The Evaluative Method
It is generally recognized that there is a cognitive method for describing the normative judgments of a person or a group of people with common normative customs and political ideals. The crucial question is whether there is a cognitive method for evaluating such normative judgments, customs and political ideals once they are objectively described.
By a cognitive, or scientific, method is meant one which, when applied to the living and positive legal norms of a given person, people or nation, gives a conclusion of which it is significant to say that it is true or false in a sense which can be confirmed by anyone in that or any other culture or nation. For example, that Hitler's normative judgments and the customs of his followers were such and such can be determined by reading his Mein Kampf and his speeches and comparing what he wrote and said with what he and the quantitative majority of his contemporary Germans did or approved. The result of this descriptive method will be a set of statements of which it is significant to say that they are true. Moreover, they are true in the descriptive sense that, were Hitler alive or were a Hitlerian present now to read these statements, he as well as we would agree that they are empirically confirmed and in this sense cognitively true. The question which this chapter is asking has to do with whether in precisely this same sense of being valid for him as well as for us there is a cognitive method for evaluating the normative judgments and living law behavior of Hitler's Germany, once any Hitlerian and we have agreed that it has been correctly described.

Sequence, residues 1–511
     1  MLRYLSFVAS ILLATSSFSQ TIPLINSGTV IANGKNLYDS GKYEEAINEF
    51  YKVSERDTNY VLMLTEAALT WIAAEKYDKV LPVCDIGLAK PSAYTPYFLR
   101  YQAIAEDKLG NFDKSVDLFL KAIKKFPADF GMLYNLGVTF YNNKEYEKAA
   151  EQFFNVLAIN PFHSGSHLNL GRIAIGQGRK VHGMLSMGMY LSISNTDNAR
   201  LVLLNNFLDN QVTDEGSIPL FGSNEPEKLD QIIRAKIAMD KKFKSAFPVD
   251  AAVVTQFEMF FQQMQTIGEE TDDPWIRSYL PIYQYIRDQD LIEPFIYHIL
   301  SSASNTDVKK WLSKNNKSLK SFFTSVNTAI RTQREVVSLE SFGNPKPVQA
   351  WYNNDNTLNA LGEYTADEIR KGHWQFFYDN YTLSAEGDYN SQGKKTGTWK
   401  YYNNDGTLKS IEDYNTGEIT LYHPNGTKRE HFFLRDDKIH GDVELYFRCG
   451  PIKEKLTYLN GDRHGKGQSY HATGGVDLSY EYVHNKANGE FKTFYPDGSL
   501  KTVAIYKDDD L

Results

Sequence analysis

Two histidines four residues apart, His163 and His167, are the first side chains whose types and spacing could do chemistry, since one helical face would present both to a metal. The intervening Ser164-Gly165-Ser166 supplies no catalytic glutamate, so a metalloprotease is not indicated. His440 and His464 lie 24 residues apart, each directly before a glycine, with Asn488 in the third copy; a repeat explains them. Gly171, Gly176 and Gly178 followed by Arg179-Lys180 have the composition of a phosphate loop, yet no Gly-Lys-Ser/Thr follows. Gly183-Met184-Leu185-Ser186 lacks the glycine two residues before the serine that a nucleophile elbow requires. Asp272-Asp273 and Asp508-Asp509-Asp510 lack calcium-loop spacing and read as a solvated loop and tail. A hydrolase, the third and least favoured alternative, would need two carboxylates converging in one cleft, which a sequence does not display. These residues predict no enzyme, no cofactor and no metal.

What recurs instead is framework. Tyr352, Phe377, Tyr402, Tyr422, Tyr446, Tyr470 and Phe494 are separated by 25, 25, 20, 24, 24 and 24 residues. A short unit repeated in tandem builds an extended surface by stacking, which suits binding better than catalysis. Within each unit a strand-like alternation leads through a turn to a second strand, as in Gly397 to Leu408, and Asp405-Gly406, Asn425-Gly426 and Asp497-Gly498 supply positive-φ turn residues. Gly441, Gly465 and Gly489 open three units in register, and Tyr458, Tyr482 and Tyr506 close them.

That there is a method for doing this, providing one assumes the descriptively true normative premises of a free democratic society